• Watch for older siblings who may think it's funny to tease younger siblings about the first day. Ask older siblings to help make the transition easier.

Wednesday, August 3, 2011

Emotional Intelligence Used Productively by Fortune 500 CEOs

I just read this article by Chip Conley called The Top 10 Emotionally-Intelligent Fortune 500 CEOs.  Emotional Intelligence is the basis for staying in the Smart Zone so I was intrigued to see who Mr. Conley selected. 

On his Top 10 list (in alphabetical order) are:

  • Jeff Bezos (Amazon.com)
  • Warren Buffet (Berkshire Hathaway)
  • Ursula Burns (Xerox)
  • Jamie Dimon (JPMorgan Chase)
  • John Donahoe (eBay)
  • Larry Fink (BlackRock)
  • Alan Mulally (Ford)
  • Indra Nooyi (Pepsi)
  • Howard Schultz (Starbucks)
  • Ken Thirty (DaVita)
Mr. Conley points out the 4 cornerstones of Emotional Intelligence which are self awareness, self management, social awareness and relationship management.

Conversely, people with high Emotional Intelligence can also be exceptionally poor leaders. They can be bullies who intimidate the workforce and create fear-based environments. The same Emotional Intelligence qualities that enable people to motivate people can be used negatively to intimidate people. And it can be similar to the effects of beer. Watch this video where I explain how Emotional Intelligence is like beer.

The Top 10 CEOs have channeled their emotional intelligence in a productive manner. And actually most people do. It's also worth noting that you can improve your emotional intelligence with practice. Who knows - you could be the next CEO in this list!

Tuesday, August 2, 2011

Could You Have Compassion Fatigue?

Last weekend I spent a good part of Saturday in Waco, Texas talking to heroes. I was asked to spend time with them because they are at great risk for what we call "Compassion Fatigue."

While they don't wear capes or have an "S" on their chests, I believe they have hearts like no other. Over 100 foster parents with the Methodist Children's Home gathered for their annual meeting and awards ceremony. I call them heroes because they provide a stable home environment to kids in crisis who need their love and affection. They change lives and inspire families to do right by their children. They are exposed to domestic trauma and they can't help but get involved emotionally.

If you work in patient care, as a financial advisor, with the court system, or you manage other people who come to you needing support, then you are likely to experience the emotional pain of others every day. People who use empathy in their daily work are at risk of having the symptoms of burnout affect their professional and personal life in severe ways.

When you listen to stories of fear, pain and suffering of others you can easily leave the Smart Zone and suffer from Compassion Fatigue. Compassion Fatigue is also thought of as Secondary Post Traumatic Stress.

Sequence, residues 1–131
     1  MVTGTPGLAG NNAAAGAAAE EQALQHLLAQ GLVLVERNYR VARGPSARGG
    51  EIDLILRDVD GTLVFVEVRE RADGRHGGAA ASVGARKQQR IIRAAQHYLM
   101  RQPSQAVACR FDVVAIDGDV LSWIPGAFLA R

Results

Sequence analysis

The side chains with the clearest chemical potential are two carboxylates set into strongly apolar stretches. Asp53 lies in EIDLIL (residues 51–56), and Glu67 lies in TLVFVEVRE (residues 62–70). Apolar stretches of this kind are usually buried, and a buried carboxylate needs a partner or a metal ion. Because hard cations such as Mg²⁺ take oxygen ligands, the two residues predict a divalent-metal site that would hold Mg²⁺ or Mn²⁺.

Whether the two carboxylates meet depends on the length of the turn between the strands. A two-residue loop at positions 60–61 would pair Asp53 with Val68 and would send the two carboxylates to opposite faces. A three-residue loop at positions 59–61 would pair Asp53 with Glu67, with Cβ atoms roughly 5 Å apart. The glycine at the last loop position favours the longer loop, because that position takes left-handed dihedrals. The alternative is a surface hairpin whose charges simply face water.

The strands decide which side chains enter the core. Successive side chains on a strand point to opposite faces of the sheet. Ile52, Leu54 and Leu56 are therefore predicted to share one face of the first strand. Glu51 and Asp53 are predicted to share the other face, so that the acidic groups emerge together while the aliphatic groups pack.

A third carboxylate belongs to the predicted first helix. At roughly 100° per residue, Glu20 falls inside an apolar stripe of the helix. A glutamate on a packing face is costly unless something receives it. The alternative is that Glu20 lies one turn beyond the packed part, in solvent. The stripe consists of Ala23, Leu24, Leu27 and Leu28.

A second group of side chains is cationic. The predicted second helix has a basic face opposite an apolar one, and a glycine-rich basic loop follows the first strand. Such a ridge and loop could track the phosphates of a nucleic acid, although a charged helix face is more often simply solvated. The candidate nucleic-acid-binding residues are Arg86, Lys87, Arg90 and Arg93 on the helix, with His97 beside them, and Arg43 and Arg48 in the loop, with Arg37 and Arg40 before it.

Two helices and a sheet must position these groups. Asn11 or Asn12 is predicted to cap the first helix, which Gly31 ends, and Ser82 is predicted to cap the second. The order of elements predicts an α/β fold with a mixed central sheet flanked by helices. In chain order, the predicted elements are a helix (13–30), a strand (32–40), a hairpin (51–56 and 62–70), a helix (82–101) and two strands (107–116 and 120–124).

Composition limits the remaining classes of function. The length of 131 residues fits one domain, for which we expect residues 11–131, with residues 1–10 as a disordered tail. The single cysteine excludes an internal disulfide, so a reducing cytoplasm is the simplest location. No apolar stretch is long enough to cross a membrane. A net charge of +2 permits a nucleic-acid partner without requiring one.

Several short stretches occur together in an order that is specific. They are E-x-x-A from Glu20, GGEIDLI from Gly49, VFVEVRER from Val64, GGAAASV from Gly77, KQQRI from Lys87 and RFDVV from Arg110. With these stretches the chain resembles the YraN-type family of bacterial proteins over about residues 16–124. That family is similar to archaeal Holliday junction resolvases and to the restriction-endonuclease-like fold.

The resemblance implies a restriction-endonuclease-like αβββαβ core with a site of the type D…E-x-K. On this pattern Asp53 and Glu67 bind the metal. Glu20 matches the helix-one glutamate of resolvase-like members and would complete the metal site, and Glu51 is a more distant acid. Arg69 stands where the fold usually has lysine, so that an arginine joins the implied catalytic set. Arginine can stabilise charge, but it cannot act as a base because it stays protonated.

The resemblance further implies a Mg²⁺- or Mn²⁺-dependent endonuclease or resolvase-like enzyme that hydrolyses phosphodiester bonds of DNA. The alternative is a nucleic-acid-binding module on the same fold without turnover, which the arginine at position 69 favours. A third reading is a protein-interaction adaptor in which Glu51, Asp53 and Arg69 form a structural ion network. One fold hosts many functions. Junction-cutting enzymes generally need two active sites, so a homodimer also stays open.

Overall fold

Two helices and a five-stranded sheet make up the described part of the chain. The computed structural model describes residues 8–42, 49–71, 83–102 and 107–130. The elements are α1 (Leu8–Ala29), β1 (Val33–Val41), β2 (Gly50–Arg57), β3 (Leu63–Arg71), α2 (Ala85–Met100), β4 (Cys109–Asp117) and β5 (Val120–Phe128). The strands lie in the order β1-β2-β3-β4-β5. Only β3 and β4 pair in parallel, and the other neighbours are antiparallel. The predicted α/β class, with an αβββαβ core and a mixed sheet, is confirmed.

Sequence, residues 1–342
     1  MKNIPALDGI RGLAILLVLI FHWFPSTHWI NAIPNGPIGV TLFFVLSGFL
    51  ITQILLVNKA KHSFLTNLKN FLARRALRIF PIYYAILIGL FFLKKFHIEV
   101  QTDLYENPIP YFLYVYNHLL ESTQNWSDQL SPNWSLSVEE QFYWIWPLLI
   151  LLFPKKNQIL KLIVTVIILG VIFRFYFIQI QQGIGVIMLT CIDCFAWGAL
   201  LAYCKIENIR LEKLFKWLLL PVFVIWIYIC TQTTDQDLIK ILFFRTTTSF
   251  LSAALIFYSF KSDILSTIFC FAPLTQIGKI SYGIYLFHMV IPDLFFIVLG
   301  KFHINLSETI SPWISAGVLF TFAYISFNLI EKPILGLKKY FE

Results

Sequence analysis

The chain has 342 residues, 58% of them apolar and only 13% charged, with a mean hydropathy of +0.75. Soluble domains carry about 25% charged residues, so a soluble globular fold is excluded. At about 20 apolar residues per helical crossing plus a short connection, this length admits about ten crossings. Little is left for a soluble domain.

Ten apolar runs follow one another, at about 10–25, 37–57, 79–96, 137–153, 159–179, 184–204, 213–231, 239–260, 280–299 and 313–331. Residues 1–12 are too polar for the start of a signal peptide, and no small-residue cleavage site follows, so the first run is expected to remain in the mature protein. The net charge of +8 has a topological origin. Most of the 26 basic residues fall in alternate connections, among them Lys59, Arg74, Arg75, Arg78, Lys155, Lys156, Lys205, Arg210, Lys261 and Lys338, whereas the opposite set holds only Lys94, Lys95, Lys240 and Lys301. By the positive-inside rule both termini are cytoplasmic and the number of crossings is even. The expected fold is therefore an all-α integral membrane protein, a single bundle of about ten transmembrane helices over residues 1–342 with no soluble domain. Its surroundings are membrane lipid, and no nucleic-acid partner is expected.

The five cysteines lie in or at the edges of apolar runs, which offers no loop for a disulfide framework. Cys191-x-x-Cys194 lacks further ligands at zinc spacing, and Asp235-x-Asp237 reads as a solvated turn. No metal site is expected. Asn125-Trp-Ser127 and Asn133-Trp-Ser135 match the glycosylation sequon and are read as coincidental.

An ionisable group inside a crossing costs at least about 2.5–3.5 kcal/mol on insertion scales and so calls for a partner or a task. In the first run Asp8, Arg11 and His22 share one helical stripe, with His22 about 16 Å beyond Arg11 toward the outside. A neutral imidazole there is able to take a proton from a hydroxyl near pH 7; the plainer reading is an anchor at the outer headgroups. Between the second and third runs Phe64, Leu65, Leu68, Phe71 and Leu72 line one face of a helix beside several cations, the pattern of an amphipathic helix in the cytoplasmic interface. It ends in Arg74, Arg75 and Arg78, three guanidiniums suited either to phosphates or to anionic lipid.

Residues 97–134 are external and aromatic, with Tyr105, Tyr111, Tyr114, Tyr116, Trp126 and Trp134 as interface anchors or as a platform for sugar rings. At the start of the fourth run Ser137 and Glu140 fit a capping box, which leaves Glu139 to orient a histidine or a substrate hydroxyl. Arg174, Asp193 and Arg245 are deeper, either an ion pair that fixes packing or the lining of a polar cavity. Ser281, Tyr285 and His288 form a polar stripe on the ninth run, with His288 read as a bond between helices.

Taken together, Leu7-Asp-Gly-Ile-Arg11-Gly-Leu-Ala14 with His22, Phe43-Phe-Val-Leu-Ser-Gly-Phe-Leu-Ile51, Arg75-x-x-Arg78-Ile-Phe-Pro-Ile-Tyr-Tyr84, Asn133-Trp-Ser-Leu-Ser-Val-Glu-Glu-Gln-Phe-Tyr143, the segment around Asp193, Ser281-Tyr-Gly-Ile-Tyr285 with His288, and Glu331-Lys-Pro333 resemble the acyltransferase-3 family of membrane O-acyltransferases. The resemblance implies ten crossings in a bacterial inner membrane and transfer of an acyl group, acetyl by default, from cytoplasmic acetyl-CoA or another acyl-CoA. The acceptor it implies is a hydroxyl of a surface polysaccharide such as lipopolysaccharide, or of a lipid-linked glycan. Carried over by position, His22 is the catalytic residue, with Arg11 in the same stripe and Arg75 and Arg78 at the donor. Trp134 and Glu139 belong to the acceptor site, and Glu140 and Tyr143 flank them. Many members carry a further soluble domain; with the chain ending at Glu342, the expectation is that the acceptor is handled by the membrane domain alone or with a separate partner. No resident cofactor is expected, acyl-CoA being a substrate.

Once Compassion Fatigue sets in, the pain of others takes up your mental energy and eventually everything in your life can go dull. It can seem like nothing is fun anymore and you can feel burned out. If you would like to see me discuss ways to add happiness to your life, click here to see one of my FOX 4 appearances.

How do you know if you are suffering from Compassion Fatigue?
  • Mistakes go up and job performance goes down.
  • You can't stop thinking about your job or the problems of others.
  • Trouble sleeping.
  •  General feeling of weariness.
  • You don't feel like doing anything - you feel blah.
  • You feel less satisfied, less energetic and less efficient.
  •  Click here for a longer checklist.
Who is vulnerable for experiencing Compassion Fatigue?
  • Those with empathy skills as primary in their job.
  • Those who work with others regarding highly personal issues such as medical treatment, financial or legal matters, mental health, etc.
  • Those who have themselves experienced traumatic events.
  • Those with unresolved trauma.
  • Those who deal with trauma in children.
  • Those who have underdeveloped Emotional Intelligence.
What are Smart Moves to prevent Compassion Fatigue? 
  • Keep an engaged workforce.
  • Provide a supportive work environment.
  • Improve training.
  • Handle on-the-job victimization.
  • Increase Emotional Intelligence & use it productively.
What are Smart Moves to cope with Compassion Fatigue?
  • Increase Emotional Intelligence.
  • Identify disrupted schemas/beliefs about your job.
  • Maintain a personal life even if you don't feel like it.
  • Use personal psychotherapy.
  • Identify healing activities such as exercising, reading or calling friends.
  • Tend to your spiritual needs.
  • Arrange for personal supervision/accountability.
  • Develop professional connections.
  • Develop a balanced work life.
  • Remain aware of your goals.
  • Modify your physical setting or work space.
  • Arrange for adequate resources to do your job.
  • Create an atmosphere of respect.
Thank you again to the fine folks at Methodist Children's Home and to Jennifer Gregory for inviting me to Waco after seeing me present at a previous conference in San Antonio. You are changing children's lives. Take care of yourselves so you can keep it up as heroes to those kids.